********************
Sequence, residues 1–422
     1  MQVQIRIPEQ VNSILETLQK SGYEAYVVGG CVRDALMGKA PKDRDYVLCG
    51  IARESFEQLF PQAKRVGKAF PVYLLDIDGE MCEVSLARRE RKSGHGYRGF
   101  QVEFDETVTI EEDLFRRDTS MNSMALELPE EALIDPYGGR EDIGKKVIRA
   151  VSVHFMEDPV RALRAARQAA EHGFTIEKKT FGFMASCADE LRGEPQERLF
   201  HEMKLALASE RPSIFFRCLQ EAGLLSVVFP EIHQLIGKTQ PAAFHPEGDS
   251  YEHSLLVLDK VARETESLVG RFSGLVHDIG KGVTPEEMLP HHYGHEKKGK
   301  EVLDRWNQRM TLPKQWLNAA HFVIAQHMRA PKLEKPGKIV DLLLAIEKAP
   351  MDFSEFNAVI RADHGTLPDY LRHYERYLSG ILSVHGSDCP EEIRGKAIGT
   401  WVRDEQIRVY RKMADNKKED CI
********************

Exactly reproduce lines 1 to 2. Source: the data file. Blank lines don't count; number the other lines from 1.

Sequence, residues 1–422
     1  MQVQIRIPEQ VNSILETLQK SGYEAYVVGG CVRDALMGKA PKDRDYVLCG